The fact that they are planning to continue moving forward with the current project does not mean, however, that various other solutions haven't been considered, added the minister.
One option that had been considered, for example, was going the route that Latvia did with its own eastern border. "That we just put up your average residential fence that is two metres tall, and put barbed wire on top," he described. "And along it we clear a path for foot patrols which in nature may not even withstand an ATV. Latvia is currently building bit by bit, and 20 kilometres costs around €8 million. But this assumes something else — this assumes that we have to at least double the number of border guards."
Such a manned border would end up even more expensive, he added. While this is essentially the solution proposed by both Helme and Herkel, and Helme believes that hiring a large number of border guards would save money compared to infrastructure construction costs, Anvelt's calculations found the opposite to be the case. "And wage pressure is actually considerably higher in Estonia than in Latvia. Overall, I think that this would be much more costly in the long run."
Kallas sees need for border, still concerned by price tag
Reform Party chairwoman Kaja Kallas said that Estonia definitely needs a secure eastern border, which is likewise an external border of NATO and the EU alike.
"It's clear that investments must be made into its construction," she said. "What nonetheless concerns me is that the cost of the construction of the border has more than tripled compared to the originally quoted price, and this inevitably makes one question how carefully taxpayer money is actually being counted."
Prime Minister Jüri Ratas (Centre) said last week that there is no going back on the ambitiousness of the planned border infrastructure. In addition to agreeing upon what kind of eastern border Estonia wants, however, an agreement must also be reached regarding where they money will come from for its construction.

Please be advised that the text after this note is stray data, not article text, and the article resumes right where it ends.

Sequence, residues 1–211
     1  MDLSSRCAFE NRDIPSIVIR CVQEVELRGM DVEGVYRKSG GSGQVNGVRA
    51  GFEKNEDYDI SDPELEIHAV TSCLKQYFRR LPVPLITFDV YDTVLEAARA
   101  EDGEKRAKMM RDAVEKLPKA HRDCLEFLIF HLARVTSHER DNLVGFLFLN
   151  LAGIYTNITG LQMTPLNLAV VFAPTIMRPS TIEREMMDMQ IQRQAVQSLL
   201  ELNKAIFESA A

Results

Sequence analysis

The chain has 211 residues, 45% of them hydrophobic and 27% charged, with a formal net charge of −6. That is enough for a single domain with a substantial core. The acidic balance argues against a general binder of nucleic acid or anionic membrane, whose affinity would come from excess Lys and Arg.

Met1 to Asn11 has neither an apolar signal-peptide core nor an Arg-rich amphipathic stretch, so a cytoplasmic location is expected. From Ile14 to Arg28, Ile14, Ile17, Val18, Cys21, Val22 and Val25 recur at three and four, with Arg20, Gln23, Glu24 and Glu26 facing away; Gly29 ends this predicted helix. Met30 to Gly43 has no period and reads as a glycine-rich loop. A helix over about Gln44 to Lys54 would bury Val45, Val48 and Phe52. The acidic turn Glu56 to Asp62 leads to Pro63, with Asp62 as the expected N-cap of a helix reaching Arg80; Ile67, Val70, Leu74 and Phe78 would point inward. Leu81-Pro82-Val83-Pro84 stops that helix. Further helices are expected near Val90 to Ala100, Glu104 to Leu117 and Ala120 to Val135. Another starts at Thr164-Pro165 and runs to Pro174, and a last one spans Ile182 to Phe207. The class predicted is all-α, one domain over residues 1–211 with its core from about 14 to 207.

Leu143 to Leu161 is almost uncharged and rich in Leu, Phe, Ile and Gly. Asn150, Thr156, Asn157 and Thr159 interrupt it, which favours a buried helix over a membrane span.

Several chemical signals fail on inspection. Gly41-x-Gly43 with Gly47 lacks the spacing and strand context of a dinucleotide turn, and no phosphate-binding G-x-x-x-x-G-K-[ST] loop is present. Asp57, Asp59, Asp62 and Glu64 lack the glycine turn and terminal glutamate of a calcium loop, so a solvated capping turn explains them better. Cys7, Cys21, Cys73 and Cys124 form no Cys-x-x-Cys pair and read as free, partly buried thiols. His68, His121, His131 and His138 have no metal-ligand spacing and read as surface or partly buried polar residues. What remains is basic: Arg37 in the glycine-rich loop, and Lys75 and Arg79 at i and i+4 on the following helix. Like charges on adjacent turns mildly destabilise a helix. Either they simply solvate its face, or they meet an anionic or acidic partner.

"Considering all of the threats we are currently facing, and considering that this will be the border between Estonia and the Russian Federation, this border must be secure, it must be modern, and it must be well-equipped digitally and in terms of information technology," Ratas said at a government press conference last week.
"Even just the fact that under €100 million has been earmarked in the state budget strategy for the project, whose cost exceeds €300 million, demonstrates the fact that this matter has not been resolved anywhere," Seeder commented.
This means that over the next eight years, the Estonian state must come up with an additional over €200 million. Anvelt, however, mentioned that the hope is that at least part of the funding will come from the EU.
"In the next budget period, Europe is going to significantly increase support to various security and defence policy activities, including the strengthening of borders," Anvelt explained. "The European Border and Coast Guard Agency Frontex has likewise said that we have a pretty good border which could be an example for the EU."
In conclusion, Anvelt noted that while the entire border should be complete by 2026, the first few longer stretches thereof should be completed within the next couple of years already.
Editor: Aili Vahtla